When Glenn King milks centipedes, he is not going after nutrition. He is milking their poison, and it is no simple task. “We tie them down with elastic bands, bring a pair of electrical forceps up to their pincers, apply a voltage, and they expel the venom,” says King, a biochemist at the University of Queensland in Australia.

The microliters of fluid could hold the keys to a new set of pain-relieving drugs. Venoms are natural storehouses of nerve-numbing molecules, and with 400 different types of venom in his laboratory, King is at the forefront of efforts to identify analgesics in the stings of centipedes, spiders, snails and other poisonous beasts.

Large pharmaceutical companies have been struggling to synthesize alternatives to addictive painkillers such as morphine but have had trouble making molecules that home in on the specific nerves they need to target. Venoms, however, have naturally evolved to contain molecules with this kind of specificity. In laboratory animals these molecules numb nerves without harming the rest of the body. The targets that many researchers are aiming at are called voltage-gated sodium ion channels, which are common in pain-sensing nerve cells. Plugging one particular type of channel, known as NaV1.7, keeps the cell from passing a pain message to other parts of the body, as discussed in the accompanying article.

Certain venom components have just the right shape and chemical activity to latch onto a part of the channel called a voltage sensor, and that action shuts the channel. Last year King identified a venom molecule called m-SLPTX-Ssm6a that appeared to be one of the most selective inhibitors of NaV1.7 ever seen. He found it in the venom of the Chinese red-headed centipede (Scolopendra subspinipes mutilans), which can grow up to 20 centimeters long and has a pair of vicious, pincerlike claws. “If they nail you, it'll hurt,” King says. The molecule, however, had quite the opposite effect in injured mice: in experiments, it blocked pain better than morphine. But it had no unwanted effects on blood pressure, heart rate or motor function, indicating that it was not depressing the central nervous system, as an opiate such as morphine would.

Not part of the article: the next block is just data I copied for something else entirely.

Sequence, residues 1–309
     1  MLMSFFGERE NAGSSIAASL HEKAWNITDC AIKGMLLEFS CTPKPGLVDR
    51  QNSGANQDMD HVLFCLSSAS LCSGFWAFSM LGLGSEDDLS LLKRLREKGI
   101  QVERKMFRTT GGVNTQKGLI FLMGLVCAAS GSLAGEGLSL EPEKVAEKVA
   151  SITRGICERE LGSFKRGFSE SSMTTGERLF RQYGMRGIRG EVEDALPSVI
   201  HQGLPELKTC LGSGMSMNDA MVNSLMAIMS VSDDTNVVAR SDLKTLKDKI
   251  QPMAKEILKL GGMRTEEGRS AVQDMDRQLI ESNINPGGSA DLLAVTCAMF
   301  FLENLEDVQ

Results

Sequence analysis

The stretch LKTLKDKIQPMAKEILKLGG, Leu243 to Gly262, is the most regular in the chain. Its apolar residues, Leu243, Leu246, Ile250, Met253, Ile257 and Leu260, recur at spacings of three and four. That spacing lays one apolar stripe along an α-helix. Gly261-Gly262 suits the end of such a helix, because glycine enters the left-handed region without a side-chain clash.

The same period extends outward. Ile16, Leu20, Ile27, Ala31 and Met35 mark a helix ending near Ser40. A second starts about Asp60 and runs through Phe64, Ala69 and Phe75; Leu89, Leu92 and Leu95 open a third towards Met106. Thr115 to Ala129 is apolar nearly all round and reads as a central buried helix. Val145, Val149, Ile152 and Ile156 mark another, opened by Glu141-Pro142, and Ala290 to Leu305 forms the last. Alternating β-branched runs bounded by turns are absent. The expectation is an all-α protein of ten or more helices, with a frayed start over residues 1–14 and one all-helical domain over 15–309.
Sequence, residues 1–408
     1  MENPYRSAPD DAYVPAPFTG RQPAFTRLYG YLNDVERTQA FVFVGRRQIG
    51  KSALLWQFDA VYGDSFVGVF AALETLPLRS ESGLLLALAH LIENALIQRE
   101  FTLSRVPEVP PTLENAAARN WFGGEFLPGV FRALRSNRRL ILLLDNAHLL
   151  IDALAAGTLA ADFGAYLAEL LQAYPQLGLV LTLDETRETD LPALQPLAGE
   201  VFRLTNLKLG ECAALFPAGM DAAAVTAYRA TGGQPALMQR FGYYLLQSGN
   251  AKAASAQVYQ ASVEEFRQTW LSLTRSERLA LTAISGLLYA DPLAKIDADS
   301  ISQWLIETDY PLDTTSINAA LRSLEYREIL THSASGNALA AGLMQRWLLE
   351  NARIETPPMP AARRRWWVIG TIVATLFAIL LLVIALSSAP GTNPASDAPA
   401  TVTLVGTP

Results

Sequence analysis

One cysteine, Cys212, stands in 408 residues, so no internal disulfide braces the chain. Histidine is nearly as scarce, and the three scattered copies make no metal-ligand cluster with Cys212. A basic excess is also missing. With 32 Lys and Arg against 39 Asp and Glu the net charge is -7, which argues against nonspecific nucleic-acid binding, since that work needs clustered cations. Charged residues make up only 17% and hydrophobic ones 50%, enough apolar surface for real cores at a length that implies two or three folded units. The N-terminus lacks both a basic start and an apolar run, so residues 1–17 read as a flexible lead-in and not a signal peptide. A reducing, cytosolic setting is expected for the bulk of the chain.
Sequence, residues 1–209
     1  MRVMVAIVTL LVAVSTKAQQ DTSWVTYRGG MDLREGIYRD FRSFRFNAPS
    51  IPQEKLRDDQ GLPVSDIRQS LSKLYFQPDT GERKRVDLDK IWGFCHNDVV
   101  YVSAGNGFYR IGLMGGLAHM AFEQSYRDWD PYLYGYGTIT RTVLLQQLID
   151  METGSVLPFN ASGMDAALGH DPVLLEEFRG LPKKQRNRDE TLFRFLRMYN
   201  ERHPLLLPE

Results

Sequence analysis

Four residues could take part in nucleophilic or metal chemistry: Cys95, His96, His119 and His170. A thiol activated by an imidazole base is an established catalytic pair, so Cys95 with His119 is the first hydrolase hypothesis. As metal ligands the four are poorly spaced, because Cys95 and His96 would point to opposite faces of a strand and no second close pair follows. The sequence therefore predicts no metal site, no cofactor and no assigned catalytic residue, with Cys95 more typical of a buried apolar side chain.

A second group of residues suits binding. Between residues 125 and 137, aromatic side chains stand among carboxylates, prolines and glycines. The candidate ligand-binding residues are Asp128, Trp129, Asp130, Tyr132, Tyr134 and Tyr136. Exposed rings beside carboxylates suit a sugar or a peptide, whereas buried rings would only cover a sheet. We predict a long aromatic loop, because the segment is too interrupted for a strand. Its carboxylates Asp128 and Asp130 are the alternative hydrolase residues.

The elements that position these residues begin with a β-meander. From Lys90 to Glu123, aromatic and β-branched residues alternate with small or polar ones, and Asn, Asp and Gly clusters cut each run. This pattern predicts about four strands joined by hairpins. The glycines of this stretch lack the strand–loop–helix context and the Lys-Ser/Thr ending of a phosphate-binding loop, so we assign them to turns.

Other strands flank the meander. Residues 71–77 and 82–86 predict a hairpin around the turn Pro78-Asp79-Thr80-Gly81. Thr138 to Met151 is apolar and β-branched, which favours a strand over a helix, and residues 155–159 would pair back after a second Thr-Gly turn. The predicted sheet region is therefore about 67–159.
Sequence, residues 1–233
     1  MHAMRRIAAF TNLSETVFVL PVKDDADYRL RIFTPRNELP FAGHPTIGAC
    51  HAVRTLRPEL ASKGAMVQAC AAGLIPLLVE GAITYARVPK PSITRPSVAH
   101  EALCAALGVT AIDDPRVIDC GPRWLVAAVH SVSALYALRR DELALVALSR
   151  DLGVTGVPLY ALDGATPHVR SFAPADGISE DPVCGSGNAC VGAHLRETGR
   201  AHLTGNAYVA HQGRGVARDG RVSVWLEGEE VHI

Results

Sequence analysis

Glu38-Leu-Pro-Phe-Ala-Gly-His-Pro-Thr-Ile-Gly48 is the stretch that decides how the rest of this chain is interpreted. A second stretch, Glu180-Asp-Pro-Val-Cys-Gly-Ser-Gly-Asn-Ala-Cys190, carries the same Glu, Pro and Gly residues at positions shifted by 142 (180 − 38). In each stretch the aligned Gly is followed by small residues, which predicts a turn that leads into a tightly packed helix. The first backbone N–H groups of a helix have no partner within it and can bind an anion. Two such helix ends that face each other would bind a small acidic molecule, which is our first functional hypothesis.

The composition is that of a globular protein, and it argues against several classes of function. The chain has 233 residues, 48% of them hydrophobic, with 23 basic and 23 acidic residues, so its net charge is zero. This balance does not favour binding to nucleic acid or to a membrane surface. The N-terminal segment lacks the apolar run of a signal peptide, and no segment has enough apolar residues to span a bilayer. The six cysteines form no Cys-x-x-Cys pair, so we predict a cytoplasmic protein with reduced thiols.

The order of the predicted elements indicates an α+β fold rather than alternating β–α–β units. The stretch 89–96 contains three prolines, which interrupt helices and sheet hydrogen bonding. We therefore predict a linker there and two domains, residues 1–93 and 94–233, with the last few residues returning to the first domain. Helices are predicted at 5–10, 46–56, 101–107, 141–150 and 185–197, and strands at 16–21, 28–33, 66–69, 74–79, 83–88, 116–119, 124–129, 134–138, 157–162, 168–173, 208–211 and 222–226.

King's team produced a synthetic version to see if the molecule could be manufactured as a drug. But to the researchers' dismay, this version did not work as well. King suspects that the original preparation they had made of m-SLPTX-Ssm6a actually contained traces of another active component. He is working on a further round of centipede milking to search for the mystery ingredient.

Snake venom is also a source of selective channel blockers. Anne Baron, a pharmacologist at the Institute of Molecular and Cellular Pharmacology in France, has isolated two painkilling molecules from the venom of the black mamba. “We are nearly ready for a clinical trial,” Baron says. “We have done a lot of animal tests in rodents to assess toxicity.” The mambalgins, as the molecules are called, plug a particular set of acid-sensing ion channels in peripheral nerve cells that, like sodium channels, help the cells send pain signals. Fortuitously, the mambalgins have no effect on most other ion channels, which may explain why mice injected with the substances had no apparent side effects.

Accurate nerve cell targeting is not the only goal of venom research, says David Craik, a biochemist at Queensland. If venom molecules are to be swallowed as pain pills, they need to resist degradation by the digestive system. In 2004 the U.S. Food and Drug Administration approved a painkilling drug called ziconotide that is based on a molecule isolated from the venomous cone snail Conus victoriae. But the drug could not withstand the rigors of the stomach, so it must be pump-injected slowly into patients, a cumbersome procedure. “Ziconotide hasn't been a big seller,” Craik says.

Craik has started to reengineer painkillers derived from the cone snail toxins. His strategy is to turn the molecules, which are normally chains of amino acids, into rings. Circles are much more stable structures—enzymes in the body cannot snip off the ends. He spliced the ends together and gave oral doses of the rings to rats. The compound, dubbed cVc1.1, turned out to be 100 times more potent than gabapentin, a common treatment for nerve pain. And earlier this year at the American Chemical Society meeting in Dallas, Tex., he unveiled five more ring-shaped conotoxins that have also shown durability in early studies.

With tens of thousands of venomous species in the world, researchers think it is only a matter of time until they find a compound that hits the right target, is rugged and can be easily produced in quantity. “We perhaps know 1 percent of the products that are in these venoms,” Baron says.

SCIENTIFIC AMERICAN ONLINE See an animation of a promising drug target for pain at ScientificAmerican.com/dec2014/pain